New Year’s Resolutions Part 2

New Year's Resolutions Part 2: Following-up on Your Resolutions 

It is now the end of the month and a great time to check in on how the intentions you set earlier in the month.  I want you to start by taking a deep breath and reminding yourself that you do not get grades on this. Remember this exercise was quite literally intended to help you set intentions and/or goals from a place of self-compassion. Try approaching this check-in with curiosity, openness, kindness, and objectivity. It’s easy to make New Year’s resolutions so we’re just following up on your resolutions to be mindful of your progress.

Keep in mind my yoga class example we discussed earlier in the month. What was different for the people who became regulars, or as I called them “the usual suspects”, from the people who felt discouraged by the end of the month? What new mindsets and behaviors can help you become a regular at living your life in ways that feel more fulfilling to you? As you reflect on your resolutions thus far, consider both what is going well that you would like to continue, and what is not working that you may want to let go. As you take a look back at your resolutions, refer back to the tips below to help you adapt and feel able to continue feeling resilient on your resolutions journey this year. 

Let Go Of Extremes 

Contrary to popular belief there are no rules or qualifications for New Year’s resolutions. If you achieve your goals you can always set more. People set goals that feel too large which sets them up to be disappointed or burn out quickly. The people who became regulars are those who set more realistic and manageable goals. For example, coming up to class at least 1x per week instead of aiming to exercise every day. 

Practice Patience In The Process 

Not only do people tend to want extreme results or changes, but they often want them fast too. This urgency can serve as a barrier that leads to giving up. Yoga is called a practice for a reason. No one will ever be perfect at it. The regulars are the people who can tolerate slow growth. They have a willingness to be challenged and are not defined by the ups and downs they experience. Slow and steady may not yield as much instant gratification but it will also lead to more sustainable change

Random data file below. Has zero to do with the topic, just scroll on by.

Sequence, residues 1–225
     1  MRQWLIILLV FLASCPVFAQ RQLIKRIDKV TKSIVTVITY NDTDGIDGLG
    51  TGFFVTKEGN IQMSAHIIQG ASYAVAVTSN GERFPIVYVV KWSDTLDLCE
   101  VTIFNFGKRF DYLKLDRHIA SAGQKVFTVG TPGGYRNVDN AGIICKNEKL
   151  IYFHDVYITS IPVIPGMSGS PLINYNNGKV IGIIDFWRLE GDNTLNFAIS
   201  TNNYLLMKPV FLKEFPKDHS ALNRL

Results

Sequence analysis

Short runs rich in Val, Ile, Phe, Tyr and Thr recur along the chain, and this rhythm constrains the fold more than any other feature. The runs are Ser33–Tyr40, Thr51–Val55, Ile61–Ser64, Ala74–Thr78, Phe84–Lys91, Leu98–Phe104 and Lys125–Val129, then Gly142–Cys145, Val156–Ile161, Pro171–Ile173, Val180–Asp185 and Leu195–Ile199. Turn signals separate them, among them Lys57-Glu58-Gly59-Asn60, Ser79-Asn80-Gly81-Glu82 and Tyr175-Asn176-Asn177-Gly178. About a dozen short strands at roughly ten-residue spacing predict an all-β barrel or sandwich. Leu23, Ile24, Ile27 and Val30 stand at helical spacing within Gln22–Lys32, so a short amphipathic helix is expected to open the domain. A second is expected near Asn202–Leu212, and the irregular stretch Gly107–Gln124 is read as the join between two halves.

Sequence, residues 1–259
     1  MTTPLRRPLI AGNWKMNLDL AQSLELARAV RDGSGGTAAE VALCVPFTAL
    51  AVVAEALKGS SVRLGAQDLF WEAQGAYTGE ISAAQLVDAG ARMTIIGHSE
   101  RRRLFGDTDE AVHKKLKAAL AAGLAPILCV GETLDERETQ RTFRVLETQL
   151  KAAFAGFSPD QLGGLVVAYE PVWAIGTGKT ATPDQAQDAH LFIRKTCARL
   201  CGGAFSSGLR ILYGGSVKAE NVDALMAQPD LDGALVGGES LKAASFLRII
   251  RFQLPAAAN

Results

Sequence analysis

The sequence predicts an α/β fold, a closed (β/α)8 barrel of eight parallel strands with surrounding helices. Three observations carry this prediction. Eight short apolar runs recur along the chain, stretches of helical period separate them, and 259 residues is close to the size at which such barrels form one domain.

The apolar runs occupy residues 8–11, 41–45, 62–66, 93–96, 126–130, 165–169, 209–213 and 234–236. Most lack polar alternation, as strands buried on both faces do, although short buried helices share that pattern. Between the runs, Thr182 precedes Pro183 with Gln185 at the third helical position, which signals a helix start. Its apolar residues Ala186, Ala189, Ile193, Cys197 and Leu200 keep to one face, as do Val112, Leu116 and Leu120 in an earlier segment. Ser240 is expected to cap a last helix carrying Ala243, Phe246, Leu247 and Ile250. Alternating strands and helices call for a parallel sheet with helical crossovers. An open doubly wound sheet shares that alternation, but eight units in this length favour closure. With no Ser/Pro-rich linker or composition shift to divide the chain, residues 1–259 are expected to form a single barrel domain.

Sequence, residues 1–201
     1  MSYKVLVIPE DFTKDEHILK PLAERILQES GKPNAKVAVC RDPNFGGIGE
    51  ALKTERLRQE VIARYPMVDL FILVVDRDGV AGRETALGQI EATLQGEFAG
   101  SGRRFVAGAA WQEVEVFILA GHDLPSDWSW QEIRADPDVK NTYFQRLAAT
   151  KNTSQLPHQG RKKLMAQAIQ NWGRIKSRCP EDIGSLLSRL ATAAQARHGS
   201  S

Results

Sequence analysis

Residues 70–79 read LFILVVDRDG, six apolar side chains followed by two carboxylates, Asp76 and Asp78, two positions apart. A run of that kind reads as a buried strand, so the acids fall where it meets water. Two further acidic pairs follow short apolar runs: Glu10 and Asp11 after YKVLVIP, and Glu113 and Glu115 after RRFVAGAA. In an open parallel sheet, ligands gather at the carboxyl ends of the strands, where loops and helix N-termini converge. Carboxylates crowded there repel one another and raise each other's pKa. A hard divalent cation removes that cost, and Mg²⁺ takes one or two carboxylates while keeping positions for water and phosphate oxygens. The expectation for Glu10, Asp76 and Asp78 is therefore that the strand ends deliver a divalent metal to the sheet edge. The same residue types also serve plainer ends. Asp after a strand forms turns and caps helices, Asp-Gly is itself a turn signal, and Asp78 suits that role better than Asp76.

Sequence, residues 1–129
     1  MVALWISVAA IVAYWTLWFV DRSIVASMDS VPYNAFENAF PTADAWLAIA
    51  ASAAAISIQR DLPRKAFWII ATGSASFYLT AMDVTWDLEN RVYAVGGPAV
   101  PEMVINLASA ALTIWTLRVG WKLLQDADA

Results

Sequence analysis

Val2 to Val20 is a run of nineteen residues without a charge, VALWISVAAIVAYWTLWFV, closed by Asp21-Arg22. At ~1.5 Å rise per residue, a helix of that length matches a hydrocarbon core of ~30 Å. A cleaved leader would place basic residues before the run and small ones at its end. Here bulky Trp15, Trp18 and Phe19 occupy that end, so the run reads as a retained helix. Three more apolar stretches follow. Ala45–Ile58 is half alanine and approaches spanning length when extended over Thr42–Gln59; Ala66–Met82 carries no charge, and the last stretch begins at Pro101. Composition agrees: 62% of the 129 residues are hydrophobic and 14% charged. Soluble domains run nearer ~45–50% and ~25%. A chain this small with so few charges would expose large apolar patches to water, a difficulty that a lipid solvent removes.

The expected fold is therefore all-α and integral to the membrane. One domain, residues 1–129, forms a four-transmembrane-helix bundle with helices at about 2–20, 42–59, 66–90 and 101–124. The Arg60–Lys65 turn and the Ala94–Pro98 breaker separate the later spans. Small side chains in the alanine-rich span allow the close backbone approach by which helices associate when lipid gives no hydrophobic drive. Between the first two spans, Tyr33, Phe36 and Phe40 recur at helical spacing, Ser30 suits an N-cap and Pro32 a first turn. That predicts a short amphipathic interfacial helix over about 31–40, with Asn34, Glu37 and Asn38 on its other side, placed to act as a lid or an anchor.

Make Goals Specific And Tangible 

Resolutions that are too vague or broad can feel too overwhelming to approach. In many cases, people will feel lost and often avoid the goal completely. The more specific you can make the goal, the more you can visualize what it would look like to achieve. This will also help you create more concrete steps for taking action. The regulars in my class aimed to come to the same class, at the same time, and would show up each week to integrate it into their routine. 

Figure Out What Helps You Be Accountable 

To help you feel accountable, think about goals you have accomplished before and what helped you do that. Was it a support person who met you at yoga each week? Was it checking in on your goal regularly to assess how it is going? Is it blocking off that time from work each week so that you can have your self-care time? Is there a value that drives this goal? If so, what is it? Become aware of what this really means to you. When something matters to us we are more likely to want to keep up with it. Explore methods for keeping you consistent that feel like kind methods of support. Rather than forcing or shaming yourself into a habit or shift.

Be Willing To Adapt 

I find that rigidity is a big barrier to change. There is no best path to take when it comes to your own personal journey. Notice both what is and is not working for you and be willing to shift your plan as you go to make it work better for you. Maybe your work schedule changes and you can no longer do morning yoga. Maybe this means doing a couple flows at home to get you ready for the day or trying a new day and time that you can commit to class. Life happens and the more accepting we can be and willing to adjust the more resilient we will feel. 

Practice Self-Compassion 

The way we talk to ourselves is often not the way we would treat or talk to someone we love and care about. Notice the negative dialogue that comes up as you go through the process of working towards goals. Practice reinforcing more kind and caring words to yourself. If you miss a week of yoga instead of beating yourself up be curious about this rather than judgmental. Consider if any adjustments need to be made to the goal. Or acknowledge that life happens and the process does not need to be perfect to count. 

Take a few deep breaths. On your inhale I want you to take in kindness and acceptance and on your exhale please imagine releasing any judgment that may have come up for you while looking over your resolutions. Remember, if you did at least one thing that felt self-compassionate this month you are coming out ahead!!!

Article written by Dani Parmacek, LCPC

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